Season extension is something small, diversified, and niche farms like ours are engaged in nearly constantly. For many of us, extending the growing season is key to making a living. Whether we deal in produce, livestock, or some combination thereof, having food and food-producing animals outside of the timeframe when the local market is flooded with the same can make or break a balance sheet. Which is why you’ll never find us downplaying the significance of a good season extender and you’ll certainly find us engaging in more and more extension techniques as the years go on. But there’s another reason our growing season is expanding, and though it’s no less consequential to our success it gets far less attention.
Recently, while looking over historic weather data for our farm, I decided to plug our first and last frost dates into a spreadsheet and convert that into the graph below. The dates themselves, scrawled down in the back of a notebook, already confirmed what I had been feeling for many years — the season is naturally lengthening and significantly so — but I suspected a visual representation would be even more striking. And it is.
The days, weeks and months between the last and first frost of the year — represented here by the white space between the top and bottom graph lines — are our frost-free season, the time when we can reliably grow most food crops. Since 2003, the first year I planted something on this particular patch of earth, that season has lengthened by six weeks. Which means each year we now enjoy a month and a half worth of growing that would have been impossible a little over a decade ago. Split evenly between the spring and fall, what used to be three weeks of April and three more of October opened up to crop production only by the modern advent of row covers and hoophouses are now a gardener’s free for all.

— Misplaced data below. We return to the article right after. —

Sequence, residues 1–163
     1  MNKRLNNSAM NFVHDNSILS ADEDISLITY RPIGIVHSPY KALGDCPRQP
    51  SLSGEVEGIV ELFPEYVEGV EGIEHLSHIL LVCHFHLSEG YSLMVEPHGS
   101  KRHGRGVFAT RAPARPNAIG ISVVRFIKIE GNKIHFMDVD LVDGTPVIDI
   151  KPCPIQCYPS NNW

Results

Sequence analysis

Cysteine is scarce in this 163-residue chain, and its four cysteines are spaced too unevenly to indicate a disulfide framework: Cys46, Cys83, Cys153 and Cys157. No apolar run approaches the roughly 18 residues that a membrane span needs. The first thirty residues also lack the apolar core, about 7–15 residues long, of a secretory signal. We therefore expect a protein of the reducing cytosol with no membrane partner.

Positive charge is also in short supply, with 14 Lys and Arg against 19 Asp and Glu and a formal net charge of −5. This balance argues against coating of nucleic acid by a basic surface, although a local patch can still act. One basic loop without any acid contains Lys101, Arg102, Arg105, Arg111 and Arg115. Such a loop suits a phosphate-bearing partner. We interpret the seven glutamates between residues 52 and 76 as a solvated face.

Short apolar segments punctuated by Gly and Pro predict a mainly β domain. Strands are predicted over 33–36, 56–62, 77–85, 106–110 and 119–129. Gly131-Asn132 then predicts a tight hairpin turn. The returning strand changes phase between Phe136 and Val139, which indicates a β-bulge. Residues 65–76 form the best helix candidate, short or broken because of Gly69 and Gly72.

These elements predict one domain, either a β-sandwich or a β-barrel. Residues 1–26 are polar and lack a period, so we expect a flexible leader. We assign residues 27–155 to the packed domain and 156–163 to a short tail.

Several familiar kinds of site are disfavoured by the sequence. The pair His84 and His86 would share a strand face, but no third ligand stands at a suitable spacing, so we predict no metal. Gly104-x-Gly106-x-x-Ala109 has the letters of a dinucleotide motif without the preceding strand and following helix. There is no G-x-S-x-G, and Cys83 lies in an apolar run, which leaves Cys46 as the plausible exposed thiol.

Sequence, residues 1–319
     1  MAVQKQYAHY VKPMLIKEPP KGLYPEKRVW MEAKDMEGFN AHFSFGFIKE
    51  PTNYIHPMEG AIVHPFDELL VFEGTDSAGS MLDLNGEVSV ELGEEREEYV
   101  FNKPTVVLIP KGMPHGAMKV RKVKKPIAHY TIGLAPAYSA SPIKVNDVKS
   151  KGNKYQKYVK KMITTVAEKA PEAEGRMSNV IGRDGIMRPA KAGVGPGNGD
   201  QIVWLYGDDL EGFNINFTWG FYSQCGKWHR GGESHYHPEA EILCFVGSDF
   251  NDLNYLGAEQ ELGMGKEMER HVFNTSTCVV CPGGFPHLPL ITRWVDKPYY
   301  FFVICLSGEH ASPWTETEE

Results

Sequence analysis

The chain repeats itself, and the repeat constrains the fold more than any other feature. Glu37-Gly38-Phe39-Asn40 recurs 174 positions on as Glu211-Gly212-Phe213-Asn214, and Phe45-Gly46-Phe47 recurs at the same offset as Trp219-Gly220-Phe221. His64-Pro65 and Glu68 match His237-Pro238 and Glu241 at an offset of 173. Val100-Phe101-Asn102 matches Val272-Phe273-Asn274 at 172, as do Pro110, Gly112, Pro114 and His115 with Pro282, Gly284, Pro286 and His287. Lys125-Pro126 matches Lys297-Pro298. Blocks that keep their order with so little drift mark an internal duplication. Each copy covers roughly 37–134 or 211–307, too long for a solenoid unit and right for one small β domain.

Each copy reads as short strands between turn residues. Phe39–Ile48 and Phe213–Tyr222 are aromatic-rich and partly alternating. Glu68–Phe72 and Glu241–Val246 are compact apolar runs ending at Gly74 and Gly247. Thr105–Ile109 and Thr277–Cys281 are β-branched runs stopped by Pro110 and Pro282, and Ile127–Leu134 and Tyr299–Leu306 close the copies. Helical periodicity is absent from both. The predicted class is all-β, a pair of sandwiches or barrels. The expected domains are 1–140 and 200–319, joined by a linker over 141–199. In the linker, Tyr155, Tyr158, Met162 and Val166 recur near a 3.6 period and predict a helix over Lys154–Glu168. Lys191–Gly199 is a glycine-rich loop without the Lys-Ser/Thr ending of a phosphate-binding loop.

While it may still be unwise to set out tomatoes and peppers the first week of April without some serious protection in our neck of the woods, there’s little reason we can’t have chill hardy crops like spinach, peas and potatoes going strong. And, with the season extension techniques that used to allow us to do those things somewhere round about Easter, we’re now looking at production estimates that land instead near St. Patrick’s Day.
Of course, planting “early” or planning to harvest “late” is risky business. There is no guarantee with Mother Nature. The trend line puts our frost dates a few weeks early and a few weeks later than we were when we began here, but weather trends, like other trends, can come and go in the blink of an eye. Perhaps 2018 will be a “good” year and we’ll be serving fresh peas come mid-March, or perhaps, it will be a bad one and we’ll only be wishing for readied planting ground come early May. It’s the risk of putting in an early crop — or a late one for harvest beyond the usual harvest window — and coming up empty handed that has kept farmers within the confines of the surest days of a season for generations. However, it’s also on-going adaptation to change that has kept farmers improving throughout the course of human history.
Here, we believe constant improvement is vital and that little worth accomplishing can be had without risk. Yet, we’ve been cautious too. Over the years we’ve slowly crept our planting dates backwards and continued harvesting until Mother Nature forced us out each year, including a very late set of potatoes this past season. As in other areas, we’ve often assumed those who have been doing this longer knew better. But on this, as on so many other topics, that hasn’t necessarily bore out. Many years we end up wishing we’d planted earlier when, in hindsight, we realize the last time our farm was subject to a killing frost was two or three or four weeks earlier than we’ve been told to expect. So, in the year ahead — weather willing — we’re leaping instead of crawling.
This year, in addition to the usual crop lists and seed orders, our planning notebook is filled with fancy date work and brainstormed ways of pushing a dozen days here and a dozen more there. We’ve become unsatisfied with simple extension of a static season. Our mind buzzes with the what-if of a lengthening too. What if we set out to extend instead from a date comfortably close to our official last frost, instead to a date in line with our micro-climate trend? Can we feed ourselves in March as we can in May? In April as in June? Can our dark days local menus be less boring than they once were? Some of this is already happening on a family-size scale, but what about a community? In 2018, we intend to find out.